Thursday , April 15 2021

A Chinese vehicle began exploring the hidden face of the Moon



The vehicle, which was baptized Yutu 2 (in Chinese mythology, "Yutu" means "jade rabbit", Chang's mascot, a goddess living on the moon) left a ramp on the surface Thursday at 10:22 during nighttime, about 12 hours after Ship Chang 4 landed.

It is "A small step for the vehicle, but a huge leap for the Chinese nation", said Wu Weiren, the main designer of the monthly project.

In a statement, the Chinese National Space Administration (ANEC) wanted this "Yutu 2 can carry out explorations without fear and can have a more stable, wider and longer journey."

The off-road vehicle has a panoramic camera, an infrared spectrometer and a radar, tools with which it will try to get images of the monthly surface and to detect its structure and composition.

Chinese scientists are optimistic and expect "great breakthroughs" the state agency insured Xinhua.

"The hidden face of the Moon has very special features and has never been explored in situ, so Chang 4 could bring us great insights, explained the director of the Chinese Academy of Sciences (CAS) sundae exploration department, Zou Yongliao.

"We can detect deep hidden information in the Moon, I think there will be surprising scientific findings", he added.

The expert explained that there are large differences between the two sides of the moon: for example, 60% of the visible face is covered by basalt seas, while most of it is hidden in the mountainous areas of the anorthosite – 19 of the 22 lunar seas are in the visible area of ​​the Earth.

Also, scientists will try to clarify other issues such as why the monthly cortex is much thicker on the hidden side.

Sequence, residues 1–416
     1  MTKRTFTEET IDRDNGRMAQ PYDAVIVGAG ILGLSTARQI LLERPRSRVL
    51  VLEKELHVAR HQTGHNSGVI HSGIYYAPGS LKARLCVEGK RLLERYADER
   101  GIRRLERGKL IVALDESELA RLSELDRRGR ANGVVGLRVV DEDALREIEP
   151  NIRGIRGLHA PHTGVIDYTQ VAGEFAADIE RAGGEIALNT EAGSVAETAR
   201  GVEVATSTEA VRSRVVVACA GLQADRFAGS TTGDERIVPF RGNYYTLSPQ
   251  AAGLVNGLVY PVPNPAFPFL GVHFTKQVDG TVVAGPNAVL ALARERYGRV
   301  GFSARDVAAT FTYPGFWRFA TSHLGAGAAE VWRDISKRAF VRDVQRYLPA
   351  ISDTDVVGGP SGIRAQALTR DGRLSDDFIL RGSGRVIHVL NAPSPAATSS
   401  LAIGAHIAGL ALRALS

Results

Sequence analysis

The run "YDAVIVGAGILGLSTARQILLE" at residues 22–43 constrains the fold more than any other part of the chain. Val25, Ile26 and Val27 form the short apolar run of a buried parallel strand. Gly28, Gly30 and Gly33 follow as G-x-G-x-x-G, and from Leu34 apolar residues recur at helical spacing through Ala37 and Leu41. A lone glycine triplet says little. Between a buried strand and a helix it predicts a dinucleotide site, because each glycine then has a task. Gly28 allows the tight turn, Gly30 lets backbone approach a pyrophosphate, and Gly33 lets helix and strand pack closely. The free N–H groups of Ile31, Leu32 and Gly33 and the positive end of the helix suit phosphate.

"The stones of the hidden face are older, analyzing their composition could help us better understand the evolution of the moon", Zou pointed out.

This pioneering mission could help to understand the Earth's and the Lun's common past, as pointed out by the Department of Geology and Geophysics researcher, Lin Yangting, who states that the Moon could offer "knowledge of the primordial history of the Earth".

Other goals are trying to find out the reasons why there was a huge bombardment of asteroids about 3.9 billion years ago or to analyze cosmic radiation and the interaction between the solar wind and the lunar surface.

These latter two factors are the key to a possible human crew mission to the terrestrial satellite because it could be harmful to humans.

The probe not only has Chinese instruments but also from countries like Sweden, Germany and the Netherlands, with which scientists want to detect weak signals emitted by celestial distant bodies in outer space, because the Moon mass would absorb the interference of the waves emitted by Earth.

If this goal had been met, experts could have new data on the origin and evolution of stars and galaxies.


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